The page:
Curiously, excess plant-based Vitamin A is not toxic. The most-reported symptom is orange skin. I know someone whose baby loved carrots and ate so many that his face turned orange. Skin returns to its normal color when plant-sourced Vitamin A consumption is reduced.
So how much is enough, and how much is too much?
According to the current research, dietary needs increase as we grow. Adult men tend to need more than adult women (probably because they tend to have larger bodies).
Do you ever wonder if people are just throwing darts at a dart board in making these recommendations? At least 700 µg RAE every day?! Are they out of their ever-lovin’ minds? People would have to quit their jobs and spend all their time menu planning & cooking in order to find a way to get that much Vitamin A on a regular basis!
How Do We Get Vitamin A?
We can get some Vitamin A from plants. The best plant sources are bright orange or leafy green. Carrots and sweet potatoes (but not yams) have the most, followed by foods like kale, turnip greens, dandelion greens, radish leaves, and cantaloupe.
However, the Vitamin A from plants is in the carotenoid forms and isn’t metabolized very efficiently. We’re supposed to get animal sources, too. If you don’t consume dairy or eggs (which is now recommended by many), that means liver. Beef liver. Chicken liver. Liverwurst. Foie Gras. Braunschweiger. Cod liver oil. Liver is an excellent source of Vitamin A.
Don’t eat too much, because toxicity – mentioned previously – is a real thing. One source recommends limiting liver to six ounces per week, maximum.
From a Vitamin A standpoint, it’s not even necessary to eat that much liver. We could actually get our entire RDA of Vitamin A by eating half an ounce of beef liver daily. Or bring back the practice of taking a daily spoonful of cod liver oil.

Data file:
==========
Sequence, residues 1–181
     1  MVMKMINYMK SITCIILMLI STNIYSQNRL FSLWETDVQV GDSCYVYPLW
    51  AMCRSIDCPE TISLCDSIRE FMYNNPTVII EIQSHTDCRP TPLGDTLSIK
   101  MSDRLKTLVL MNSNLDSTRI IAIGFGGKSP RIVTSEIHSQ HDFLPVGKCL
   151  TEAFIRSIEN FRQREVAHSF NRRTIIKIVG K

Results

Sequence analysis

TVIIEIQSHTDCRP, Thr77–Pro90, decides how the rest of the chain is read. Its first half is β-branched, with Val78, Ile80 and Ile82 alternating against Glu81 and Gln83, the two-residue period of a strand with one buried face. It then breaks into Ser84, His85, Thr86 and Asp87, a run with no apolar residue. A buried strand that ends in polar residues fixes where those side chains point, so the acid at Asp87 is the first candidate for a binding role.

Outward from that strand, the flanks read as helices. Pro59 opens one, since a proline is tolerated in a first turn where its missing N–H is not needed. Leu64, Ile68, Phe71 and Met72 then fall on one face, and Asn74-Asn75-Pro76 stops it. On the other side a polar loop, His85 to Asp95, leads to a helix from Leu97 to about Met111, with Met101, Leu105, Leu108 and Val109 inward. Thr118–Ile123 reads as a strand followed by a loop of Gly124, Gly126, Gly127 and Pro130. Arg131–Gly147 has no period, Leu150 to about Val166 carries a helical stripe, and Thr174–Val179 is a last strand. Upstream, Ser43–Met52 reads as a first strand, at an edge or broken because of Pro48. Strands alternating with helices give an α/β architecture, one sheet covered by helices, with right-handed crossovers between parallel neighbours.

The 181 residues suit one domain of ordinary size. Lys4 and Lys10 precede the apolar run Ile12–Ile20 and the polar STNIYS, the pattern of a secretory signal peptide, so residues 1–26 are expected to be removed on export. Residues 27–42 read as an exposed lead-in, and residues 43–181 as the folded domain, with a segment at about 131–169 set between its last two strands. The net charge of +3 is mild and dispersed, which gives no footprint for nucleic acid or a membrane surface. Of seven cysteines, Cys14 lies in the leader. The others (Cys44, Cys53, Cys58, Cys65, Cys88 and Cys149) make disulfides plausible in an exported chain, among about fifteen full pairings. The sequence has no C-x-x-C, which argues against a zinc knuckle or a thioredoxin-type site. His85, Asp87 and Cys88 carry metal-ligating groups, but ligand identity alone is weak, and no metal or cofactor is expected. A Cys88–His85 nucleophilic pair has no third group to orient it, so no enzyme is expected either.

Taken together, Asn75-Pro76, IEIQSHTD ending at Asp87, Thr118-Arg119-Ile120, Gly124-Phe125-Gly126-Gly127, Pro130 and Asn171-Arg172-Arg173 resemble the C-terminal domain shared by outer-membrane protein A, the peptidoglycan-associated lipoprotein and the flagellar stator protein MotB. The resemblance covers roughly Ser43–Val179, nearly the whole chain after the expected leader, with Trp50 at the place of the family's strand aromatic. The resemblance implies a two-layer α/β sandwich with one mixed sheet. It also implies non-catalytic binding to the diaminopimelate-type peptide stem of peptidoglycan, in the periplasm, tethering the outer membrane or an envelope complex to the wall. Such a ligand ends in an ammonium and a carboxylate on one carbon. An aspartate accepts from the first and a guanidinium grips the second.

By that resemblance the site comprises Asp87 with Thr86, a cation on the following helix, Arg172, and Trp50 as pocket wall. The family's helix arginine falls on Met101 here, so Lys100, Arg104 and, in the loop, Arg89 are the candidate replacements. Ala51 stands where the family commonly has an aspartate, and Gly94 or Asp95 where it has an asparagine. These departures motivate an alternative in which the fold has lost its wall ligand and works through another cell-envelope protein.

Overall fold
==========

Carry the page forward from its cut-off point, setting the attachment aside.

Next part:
But don’t get stuck in a rut. We’re actually supposed to get our nutrients from a variety of sources instead of eating the same thing every day. The USDA’s FoodData Central website has nutrient information on pork liver, veal liver, lamb liver, turkey liver, goose liver, duck liver, sea lion liver, walrus liver, and even moose liver — but not elk or deer, which are livers that I actually have access to. Go figure. Anyhow, what it comes down to is that unless you’re eating a ton of vegetables, you should probably eat liver, but a little bit goes a long way.
If you’re curious about the actual amounts of Vitamin A in veggies:
By comparison, other veggies don’t have nearly as much Vitamin A2. They do, however, contain other nutrients, so don’t neglect them:
So there you have it. Switching the units from International Units to Retinol Activity Equivalents lets us look at nutrient information and know how much Vitamin A our bodies will actually be able to use.
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For Further Reading:
- Vitamin A (NIH)
- Vitamin A (Medline Plus)
- Vitamin A Fact Sheet for Health Professionals
- The Telltale Liver
- The Perils of Eating Polar Bear
- Hypervitaminosis A
1Converting from IU’s to RAE’s:
- For meat and eggs (retinol sources), multiply IU by 0.3 to find mcg RAE
- For fruits and vegetables with beta-carotene, multiply IU by 0.05 to find mcg RAE
- For fruits and vegetables with alpha-carotene or beta-cryptoxanthin, multiply by 0.025 to find mcg RAE
2Nutrient info is from the US Department of Agriculture’s FoodData Central website, glycemic load information is from Self’s NutritionData database. Color groups shown are based on Dr. Terry Wahls‘ research, wherein she recommends eating 3C of leafy greens, 3C of brightly colored (try to hit more than one color), and 3C sulfur-rich foods daily. I have omitted nightshades and legumes because they are disallowed in the elimination portion of Wahls and AIP. Legumes didn’t make the re-intro cut for me (not a problem since I’m allergic to soy and probably peas and peanuts), and the only nightshade I really do okay with is tomatoes if they’re organic (but I react to standard store-bought tomatoes). More than you ever wanted to know, but that’s what determined what’s on the lists.